“Sharknado: The 4th Awakens”
Directed by Anthony C. Ferrante
Written by Thunder Levin
Starring Ian Ziering, David Hasselhoff, Ryan Newman, Masiela Lusha, Cody Linley, Imani Hakim, Gary Busey, Tommy Davidson
Fin Shepard (Ian Ziering) fires a gun at a storm — and it changes course. The storms are more dangerous than ever, assuming the natural life force of what ever it runs across. Oh, hey! Welcome back to another sequel in the Sharknado franchise. It says something that even though SyFy’s Asylum features aren’t really meant to be judged by the same merits as, say, “The Force Awakens” (for some reason, that film was on my mind; don’t ask me why), the film still manages to be ridiculously stupid.
Fin Shepard and his family have been living in the country, virtually off-grid and away from anything that could be construed as a Sharknado. “Astro X”, a space-tech company has found a way to rid the world of them anyhow (they fire upon stray sharks, which are still alive and well, in space) so nothing bad could possibly go wrong again. Ruh-roh, a dust storm in Vegas whips up and heads toward a new high-tech hotel with a shark theme with a 20-story shark tank built in the very front.
You can see where this is heading.
Look, there isn’t much plot here and no good can come from me repeating the phrase “they run near, shoot at, then run away from the Sharknado” every single paragraph. The truth of the matter is that this is a movie franchise which insults its audience by just repeating the same scene over and over while inserting arbitrary natural elements into each Sharknado just so a member of the cast or Al Roker (only here because SyFy and NBC share the same bed) can yell “It’s now a COWnado!!!” It, literally, gives you every type of “nado” until you’ve rolled your eyes so far back in your head, you might actually travel back in time to when this movie was fun.
It’s also a movie where one of the actual members of the Chippendales fights off a shark with a pelvic thrust.
The movie’s title is a play on “The Force Awakens” and only seems to exist for the sake of amusing the Internet geeks it’s playing to. For a movie to include such a title is ballsy, and perhaps I expected too much from this series, but I thought there’d be more in common with the Star Wars franchise aside from the cheap laughs the movie goes for instead. Everything having to do with that series totals in less than a minute of fan service.
For example, a character has had some modifications done to their body. On top of having super-duper strength, they also have machinery and stabbing weapons grafted inside their arms. One of the weapons? It’s called “The Force”. To be honest, it’s a Lightsaber. Except it’s a terrible looking Lightsaber. I know the flick didn’t have a huge budget, but I’ve seen fan films made with no money which include better Lightsaber effects.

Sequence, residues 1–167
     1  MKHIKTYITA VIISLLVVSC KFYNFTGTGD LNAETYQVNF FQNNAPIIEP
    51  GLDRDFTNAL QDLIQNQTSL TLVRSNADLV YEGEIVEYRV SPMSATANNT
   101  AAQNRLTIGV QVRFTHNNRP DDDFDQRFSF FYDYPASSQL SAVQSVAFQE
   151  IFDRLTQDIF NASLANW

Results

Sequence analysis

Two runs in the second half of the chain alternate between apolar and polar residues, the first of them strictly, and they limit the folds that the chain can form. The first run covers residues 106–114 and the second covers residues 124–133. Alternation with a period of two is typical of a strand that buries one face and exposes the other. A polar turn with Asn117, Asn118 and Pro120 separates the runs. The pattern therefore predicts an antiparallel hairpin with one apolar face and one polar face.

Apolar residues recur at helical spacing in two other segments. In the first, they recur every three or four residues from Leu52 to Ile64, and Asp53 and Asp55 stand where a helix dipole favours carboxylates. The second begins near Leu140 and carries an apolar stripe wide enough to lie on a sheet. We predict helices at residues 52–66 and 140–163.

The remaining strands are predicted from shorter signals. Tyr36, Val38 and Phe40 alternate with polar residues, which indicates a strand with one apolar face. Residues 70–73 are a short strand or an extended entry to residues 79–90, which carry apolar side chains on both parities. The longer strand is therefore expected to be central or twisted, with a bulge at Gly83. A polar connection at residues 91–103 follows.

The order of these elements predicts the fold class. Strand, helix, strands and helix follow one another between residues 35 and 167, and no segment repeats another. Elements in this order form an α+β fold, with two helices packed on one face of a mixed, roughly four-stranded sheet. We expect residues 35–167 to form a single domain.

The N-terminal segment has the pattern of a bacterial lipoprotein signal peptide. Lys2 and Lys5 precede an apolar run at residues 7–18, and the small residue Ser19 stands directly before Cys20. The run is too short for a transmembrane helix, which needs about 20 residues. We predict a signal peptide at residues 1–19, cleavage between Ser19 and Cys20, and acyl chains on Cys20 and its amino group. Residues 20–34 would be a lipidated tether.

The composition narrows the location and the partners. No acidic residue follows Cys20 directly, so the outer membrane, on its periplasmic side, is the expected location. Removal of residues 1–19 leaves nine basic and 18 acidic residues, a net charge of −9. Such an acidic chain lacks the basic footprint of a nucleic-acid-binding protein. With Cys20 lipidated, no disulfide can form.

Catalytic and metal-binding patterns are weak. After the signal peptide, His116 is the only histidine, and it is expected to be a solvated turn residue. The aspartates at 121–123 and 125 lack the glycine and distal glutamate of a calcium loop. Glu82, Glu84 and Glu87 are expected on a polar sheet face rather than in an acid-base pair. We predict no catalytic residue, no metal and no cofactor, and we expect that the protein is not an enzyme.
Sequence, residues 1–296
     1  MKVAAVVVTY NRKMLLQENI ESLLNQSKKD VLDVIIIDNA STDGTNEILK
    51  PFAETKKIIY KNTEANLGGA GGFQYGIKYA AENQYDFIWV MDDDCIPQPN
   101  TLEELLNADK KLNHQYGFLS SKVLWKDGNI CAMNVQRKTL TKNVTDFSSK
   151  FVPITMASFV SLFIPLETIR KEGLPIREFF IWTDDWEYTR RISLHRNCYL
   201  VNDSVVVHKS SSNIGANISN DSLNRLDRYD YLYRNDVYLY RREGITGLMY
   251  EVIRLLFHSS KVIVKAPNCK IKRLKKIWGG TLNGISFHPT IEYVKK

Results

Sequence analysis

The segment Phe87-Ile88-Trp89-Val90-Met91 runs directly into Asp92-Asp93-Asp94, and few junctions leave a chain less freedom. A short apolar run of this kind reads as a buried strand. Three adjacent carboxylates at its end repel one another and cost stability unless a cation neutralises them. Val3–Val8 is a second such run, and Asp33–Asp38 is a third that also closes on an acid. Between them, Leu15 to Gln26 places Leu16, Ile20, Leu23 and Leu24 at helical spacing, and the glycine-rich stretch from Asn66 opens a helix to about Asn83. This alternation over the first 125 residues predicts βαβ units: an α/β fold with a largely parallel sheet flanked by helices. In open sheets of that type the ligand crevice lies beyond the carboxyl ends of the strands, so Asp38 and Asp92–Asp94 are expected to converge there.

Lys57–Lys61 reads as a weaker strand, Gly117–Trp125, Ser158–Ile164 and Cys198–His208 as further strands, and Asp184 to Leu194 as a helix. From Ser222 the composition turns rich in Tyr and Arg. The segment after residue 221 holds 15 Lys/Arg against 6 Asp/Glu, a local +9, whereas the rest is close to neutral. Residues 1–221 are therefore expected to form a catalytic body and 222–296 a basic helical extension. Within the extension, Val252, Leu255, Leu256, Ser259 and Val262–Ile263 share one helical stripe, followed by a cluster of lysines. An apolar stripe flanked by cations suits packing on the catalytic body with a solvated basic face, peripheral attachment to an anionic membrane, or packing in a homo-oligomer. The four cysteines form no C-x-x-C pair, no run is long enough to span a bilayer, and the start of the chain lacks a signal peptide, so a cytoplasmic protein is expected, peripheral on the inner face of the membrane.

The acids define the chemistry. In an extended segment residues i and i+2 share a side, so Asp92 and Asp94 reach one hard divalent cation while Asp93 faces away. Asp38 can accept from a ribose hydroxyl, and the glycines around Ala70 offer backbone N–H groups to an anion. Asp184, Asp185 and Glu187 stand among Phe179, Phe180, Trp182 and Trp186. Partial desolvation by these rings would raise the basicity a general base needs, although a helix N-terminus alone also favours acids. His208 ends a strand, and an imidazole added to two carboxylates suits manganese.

This doesn’t stop this character from looking smug while saying, “May the Force be with you…”
Some favorites return such as David Hasselhoff as Fin’s father, Gil, and Gary Busey joins the cast as a crazy scientist who’s in league with him but, ultimately, even Busey is wasted. Can you believe that? Nobody can out-crazy-stupid Gary Busey, yet Sharknado 4 manages to out-crazy-stupid Gary Busey. The mere possibility of this may cause an unnatural chain reaction which could create a Buseynado…wait. Don’t. Just don’t. Don’t get any ideas.
All of this comes together into a climatic battle near Niagra Falls that attempts to top the first couple of movies in the most insanely awful manner and which cheaply sets up for a sequel deriving from a completely unnecessary and out-of-left-field “plot twist” which makes no sense to anyone except maybe to the screenwriters who seemed to toss it in at the last second so SyFy would throw more money at them to make another tired sequel.
The big problem with “Sharknado 4” is that the initial novelty has long since worn off. The idea behind this franchise was ludicrous enough, but had that mysterious street credit once assumed by films like “Snakes on a Plane”. The first film was a true original that was actually fun to watch because it felt like the filmmakers were being as genuine and honest as they could. As the series has twisted on, however, the product placement, gratuitous cameos, cringe-inducing dialogue, and repetitive, monotonous action have taken precedence over any “quality” the franchise might have had and we’ve been given us a movie that’s not only incredibly dumb even by its own standards, but also too stupid for the audience it’s geared toward.
Sharknado: The 4th Awakens premieres Sunday, July 31, at 8/7c on SyFy